Bracero Oral History
Biographical Synopsis of Interviewee
Pedro Domínguez Castillo was born October 19, 1926, on the Isla de Janitzio, Michoacán, México,; he had three brothers and three sisters; his parents were fishermen; he was formally educated through the third grade, but none of his siblings were able to go to school; in 1958, he enlisted in the bracero program; he completed a total of three contracts and labored in the fields of California picking cotton, strawberries and tomatoes.
Summary of Interview
Mr. Domínguez describes his childhood; he went to school in a different town but had to stop, because his family needed help with their fishing; when he was sixteen he heard about the bracero program; he ultimately decided to enlist in 1958, out of economic necessity; at the time, he was married and had one daughter; he traveled with a group of fifteen men to the contracting center in Empalme, Sonora, México; while there he underwent medical examinations and had to wait for only three days to obtain a contract; he completed a total of three contracts and labored in the fields of California picking cotton, strawberries and tomatoes; he goes on to detail the various worksites, housing, amenities, provisions, deductions, treatment, correspondence, contract lengths, friendships, and recreational activities, including trips into town; while in the United States, he picked cotton for the first time, which he found extremely difficult; his favorite place to work was Stockton, California, where he picked strawberries, because the climate was mild and work was agreeable; in contrast, while he was in Santa Barbara, California, the Mexican consul was contacted with regard to mistreatment of the braceros by a foreman; moreover, immigration officials also investigated undocumented workers in Santa Barbara; he mentions speaking in Tarasco to other men from his hometown and even teaching a few words to workers who did not know the language; when Pedro returned home, he brought small gifts to his wife as well as clothes and scissors, which he found particularly useful; the money he was able to save and send home went a very long way in México; he mentions continuing to fish upon his return, and he goes on to discuss his life after the program.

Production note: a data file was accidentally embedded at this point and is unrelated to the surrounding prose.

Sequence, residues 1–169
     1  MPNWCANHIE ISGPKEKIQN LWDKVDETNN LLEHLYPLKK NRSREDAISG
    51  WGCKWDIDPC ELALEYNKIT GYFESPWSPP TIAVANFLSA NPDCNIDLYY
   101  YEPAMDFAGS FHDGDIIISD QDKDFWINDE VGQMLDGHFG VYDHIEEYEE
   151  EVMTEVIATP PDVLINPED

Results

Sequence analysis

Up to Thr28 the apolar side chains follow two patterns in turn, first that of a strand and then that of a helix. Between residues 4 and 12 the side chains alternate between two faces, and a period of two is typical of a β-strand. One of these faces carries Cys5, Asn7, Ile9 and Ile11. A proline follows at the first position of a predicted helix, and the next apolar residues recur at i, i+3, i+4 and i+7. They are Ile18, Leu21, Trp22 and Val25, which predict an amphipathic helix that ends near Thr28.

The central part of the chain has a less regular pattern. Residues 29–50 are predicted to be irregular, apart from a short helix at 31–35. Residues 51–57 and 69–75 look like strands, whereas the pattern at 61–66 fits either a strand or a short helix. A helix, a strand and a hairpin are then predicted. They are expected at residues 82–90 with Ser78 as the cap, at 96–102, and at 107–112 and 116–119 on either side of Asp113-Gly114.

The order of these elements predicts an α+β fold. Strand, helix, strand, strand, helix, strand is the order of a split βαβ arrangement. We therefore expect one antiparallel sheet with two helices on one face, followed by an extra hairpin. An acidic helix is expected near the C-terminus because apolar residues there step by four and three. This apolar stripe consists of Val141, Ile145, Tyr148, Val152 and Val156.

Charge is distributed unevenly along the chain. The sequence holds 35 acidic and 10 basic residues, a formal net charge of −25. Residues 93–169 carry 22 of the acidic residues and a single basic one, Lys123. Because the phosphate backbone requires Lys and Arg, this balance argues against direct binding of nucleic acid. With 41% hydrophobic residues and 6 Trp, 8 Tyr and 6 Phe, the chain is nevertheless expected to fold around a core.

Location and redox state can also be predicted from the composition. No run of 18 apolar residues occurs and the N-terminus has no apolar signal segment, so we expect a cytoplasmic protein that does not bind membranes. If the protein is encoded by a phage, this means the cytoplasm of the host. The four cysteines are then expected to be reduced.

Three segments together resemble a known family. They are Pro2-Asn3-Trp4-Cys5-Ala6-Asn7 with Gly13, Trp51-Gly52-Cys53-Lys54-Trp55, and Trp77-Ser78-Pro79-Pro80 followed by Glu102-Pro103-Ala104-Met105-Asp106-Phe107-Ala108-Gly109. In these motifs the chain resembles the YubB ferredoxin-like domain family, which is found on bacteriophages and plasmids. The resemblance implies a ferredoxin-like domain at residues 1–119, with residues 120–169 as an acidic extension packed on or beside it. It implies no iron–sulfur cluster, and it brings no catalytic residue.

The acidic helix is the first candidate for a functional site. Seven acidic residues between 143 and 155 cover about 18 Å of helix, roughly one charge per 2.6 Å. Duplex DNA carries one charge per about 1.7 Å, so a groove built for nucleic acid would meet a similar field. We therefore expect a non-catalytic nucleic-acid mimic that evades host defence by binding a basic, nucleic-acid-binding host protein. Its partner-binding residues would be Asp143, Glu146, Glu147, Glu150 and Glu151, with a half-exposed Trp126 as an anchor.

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Interview with Pedro Domínguez Castillo by Mireya Loza, 2008, "Interview no. 1434," Institute of Oral History, University of Texas at El Paso.